Gazetteer of New York, 1860 & 1861 page 218
Click on the image to view a larger, bitmap (.bmp) image suitable for printing.


Click on the image above for a larger, bitmap image suitable for printing.


This county was formed from Tioga, March 29, 1836.1 A portion
of Schuyler was taken off in 1854. It lies upon the s. border of the
State, is centrally distant 158 mL from Albany, and contains 406
sq. mi. Its surface is principally a hilly upland broken by the
deep ravines of the streams. The highest points are 400 to 600 ft.

> above the valleys and 1300 to 1500 ft. above tide. The ridges extend
' in a general
N. and s. direction, and have steep declivities and broad
and rolling summits. A deep valley, extending s. from Seneca
Lake, divides the highlands into two general systems, and forms an
easy communication between the Susquehanna Yalley and the cen¬
tral portions of the State. Chemung River flows s.
e. through the s.
-part of the co. and cuts the ridges diagonally. Wide alluvial flats,
bordered by steep hillsides, extend along nearly its whole course. Catharine Creek flows n.
through the central valley and discharges its waters into Seneca Lake. The other principal
streams, all tributaries of the Chemung, are Post, Sing Sing,2 Newtown, Goldsmith, Wynkoops,3
and Cayuta Creeks from the N., and Hendy and Seely Creeks from the s. The valleys of these
streams are generally narrow, and are bordered by steep hills. The valleys of the smaller streams
are mere ravines and gulleys.

The principal rocks in the co. belong to the shales and sandstones of the Chemung group. In
the n. part the rocks of the Portage group are exposed in the ravines. The sandstone is quarried
in several places, and furnishes a good quality of stone for building and flagging. Bog iron ore and
marl are found to a limited extent. The soil is a gravelly and sandy loam, intermixed in some
places with clay. The valleys are covered with a deep, rich alluvium. The highlands are best
adapted to pasturage. The people are principally engaged in agriculture. Until within a few
years, lumbering has formed a leading pursuit ;3 but since the disappearance of the fine forests this
business has been mostly superseded by stock and wool growing and dairying. Since the com¬
pletion of the railroads and canals, commerce and manufactures have received considerable atten¬
tion, although they are still subordinate to the agricultural interests of the co.

The county seat is located at Elmira, upon Chemung River.4 The courthouse and jail are located
near the center of the village,
e. of the canal. The jail is poorly arranged, and in construction it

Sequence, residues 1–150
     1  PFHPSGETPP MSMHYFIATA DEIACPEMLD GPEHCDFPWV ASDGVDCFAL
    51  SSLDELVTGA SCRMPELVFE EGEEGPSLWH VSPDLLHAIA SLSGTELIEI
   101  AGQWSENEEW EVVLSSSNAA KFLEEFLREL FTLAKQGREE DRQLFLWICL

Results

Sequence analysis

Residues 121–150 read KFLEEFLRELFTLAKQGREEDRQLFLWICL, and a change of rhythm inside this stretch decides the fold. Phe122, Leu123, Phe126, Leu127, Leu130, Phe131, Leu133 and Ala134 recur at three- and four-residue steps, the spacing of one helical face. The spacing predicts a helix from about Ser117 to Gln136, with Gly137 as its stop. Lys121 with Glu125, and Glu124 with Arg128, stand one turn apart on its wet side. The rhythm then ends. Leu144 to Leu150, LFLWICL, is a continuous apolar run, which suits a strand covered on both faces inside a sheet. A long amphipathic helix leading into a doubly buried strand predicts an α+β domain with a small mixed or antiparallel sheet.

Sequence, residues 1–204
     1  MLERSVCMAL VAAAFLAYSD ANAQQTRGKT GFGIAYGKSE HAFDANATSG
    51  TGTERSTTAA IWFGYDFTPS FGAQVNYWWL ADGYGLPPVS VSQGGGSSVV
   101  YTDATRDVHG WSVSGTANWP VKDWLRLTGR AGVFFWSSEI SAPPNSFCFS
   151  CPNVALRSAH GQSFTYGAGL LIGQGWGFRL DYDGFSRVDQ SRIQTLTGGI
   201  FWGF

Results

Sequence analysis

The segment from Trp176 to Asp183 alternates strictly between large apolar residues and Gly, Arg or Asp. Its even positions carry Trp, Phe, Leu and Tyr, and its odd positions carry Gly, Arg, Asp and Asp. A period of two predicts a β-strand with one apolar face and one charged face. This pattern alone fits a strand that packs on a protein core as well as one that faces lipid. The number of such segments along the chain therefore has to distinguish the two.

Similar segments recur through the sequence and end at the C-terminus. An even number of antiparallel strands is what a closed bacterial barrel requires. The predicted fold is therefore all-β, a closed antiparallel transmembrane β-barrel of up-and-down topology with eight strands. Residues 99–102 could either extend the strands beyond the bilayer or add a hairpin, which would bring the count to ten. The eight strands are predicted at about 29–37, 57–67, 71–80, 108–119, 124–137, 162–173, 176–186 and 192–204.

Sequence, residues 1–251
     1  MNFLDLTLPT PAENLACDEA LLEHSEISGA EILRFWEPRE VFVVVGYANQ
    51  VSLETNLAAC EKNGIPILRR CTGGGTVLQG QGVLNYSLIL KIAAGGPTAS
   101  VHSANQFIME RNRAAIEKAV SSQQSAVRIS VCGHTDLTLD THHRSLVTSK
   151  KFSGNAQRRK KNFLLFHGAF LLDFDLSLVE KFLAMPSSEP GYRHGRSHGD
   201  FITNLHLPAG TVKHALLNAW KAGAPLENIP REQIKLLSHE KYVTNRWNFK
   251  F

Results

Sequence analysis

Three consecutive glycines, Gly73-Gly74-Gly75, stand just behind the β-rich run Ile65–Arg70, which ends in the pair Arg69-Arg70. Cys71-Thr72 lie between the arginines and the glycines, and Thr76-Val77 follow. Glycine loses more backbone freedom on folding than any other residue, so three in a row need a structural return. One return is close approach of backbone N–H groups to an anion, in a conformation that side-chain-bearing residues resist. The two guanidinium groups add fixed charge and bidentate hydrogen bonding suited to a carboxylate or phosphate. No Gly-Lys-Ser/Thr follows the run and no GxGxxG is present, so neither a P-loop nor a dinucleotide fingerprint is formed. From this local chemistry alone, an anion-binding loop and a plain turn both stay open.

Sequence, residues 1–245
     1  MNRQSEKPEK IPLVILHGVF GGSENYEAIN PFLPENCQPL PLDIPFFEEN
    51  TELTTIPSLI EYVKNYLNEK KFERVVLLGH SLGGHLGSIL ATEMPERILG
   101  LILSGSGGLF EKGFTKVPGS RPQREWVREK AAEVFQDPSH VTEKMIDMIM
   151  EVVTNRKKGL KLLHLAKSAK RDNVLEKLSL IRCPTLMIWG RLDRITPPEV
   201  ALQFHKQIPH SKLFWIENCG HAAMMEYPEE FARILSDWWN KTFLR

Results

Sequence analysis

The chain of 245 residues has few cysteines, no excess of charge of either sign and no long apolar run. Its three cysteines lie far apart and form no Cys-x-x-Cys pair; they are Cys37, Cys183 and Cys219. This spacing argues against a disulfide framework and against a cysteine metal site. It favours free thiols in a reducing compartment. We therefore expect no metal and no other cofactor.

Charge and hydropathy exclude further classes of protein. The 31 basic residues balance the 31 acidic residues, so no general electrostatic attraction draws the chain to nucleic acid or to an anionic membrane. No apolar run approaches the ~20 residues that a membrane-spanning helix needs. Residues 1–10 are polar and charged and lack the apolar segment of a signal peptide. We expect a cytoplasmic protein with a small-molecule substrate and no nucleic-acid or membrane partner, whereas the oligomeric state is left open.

meets neither the requirements of humanity nor the law. The average number of inmates is 12,
kept at a cost of $2 50 per week each. The poorhouse is located upon a farm of 180 acres in the
town of Horseheads, on the line of Erin. The average number of inmates is 70, supported at a
cost of $ .80 each per week. The farm yields a revenue of $1000.® The Chemung Canal extends
s. from Seneca Lake through the central valley to Chemung River at Elmira, forming a direct
connection with the great chain of internal water navigation of the State. A navigable feeder
from Corning, Steuben co., forms a junction with the canal on the summit level at Horseheads
Tillage. Junction Canal extends several mi. along the Chemung, affording navigation at points
where the river is obstructed by rapids and narrows. The New York & Erie R. R. extends along
Chemung River through Chemung, Southport, Elmira, and Big Flats. The Chemung R. R. extends
N. from Elmira through Horseheads and Veteran. The Williamsport & Elmira R. R. extends s.
from Elmira through Southport into Penn., forming a direct line to Philadelphia.

Two daily and 2 weekly newspapers are published in this co.T

Joseph L. Darling, First Judge; Andrew K, Gregg, District At¬
Isaac Baldwin, County Clerk; Albert A. Beckwith,
Sheriff; and Lyman Covill, Surrogate.

6 The poorhouse is entirely inadequate for the comfort or
health of the inmates. Many insane persons are confined, with¬
out proper care or medical attendance. No school is kept, but
at proper age the children are bound out.

1 The Telegraph, the first paper published in the co., was estab¬
lished at “
Newtown” (now Elmira,) by Prindle & Murphy
at an early period. In 1816 it was issued as
The Vidette by Prindle & Murphy, and subsequently by Wm.

The Investigator was commenced at Elmira, in 1820, by Job
Smith. In 1822 its name was changed to
The Tioga Register, and in 1828 to

The Elmira Gazette, and its publication was continued





mi mi









cm j








9 j 1

0 1

i i

2 1




Name derived from the principal river, signifies “Big horn,”
or “ Horn in the water.” It is called by the Delawares Con-on-
gue, a "word of the same signification. These names were ap¬
plied to the stream in consequence of numbers of immense deers’
horns having from time to time been discovered in the water. In
his “Views of Elmira,” Solomon Southwick says, that the Indian
name of the Chemung was Con-e-wa-wa, signifying “ a head on
a pole.”


Named from John Sing Sing, a friendly Indian.


For many years 10,000,000 ft. of pine lumber were floated


down the Chemung and Susquehanna from Elmira annually.


This page was written in HTML using a program written in Python 3.2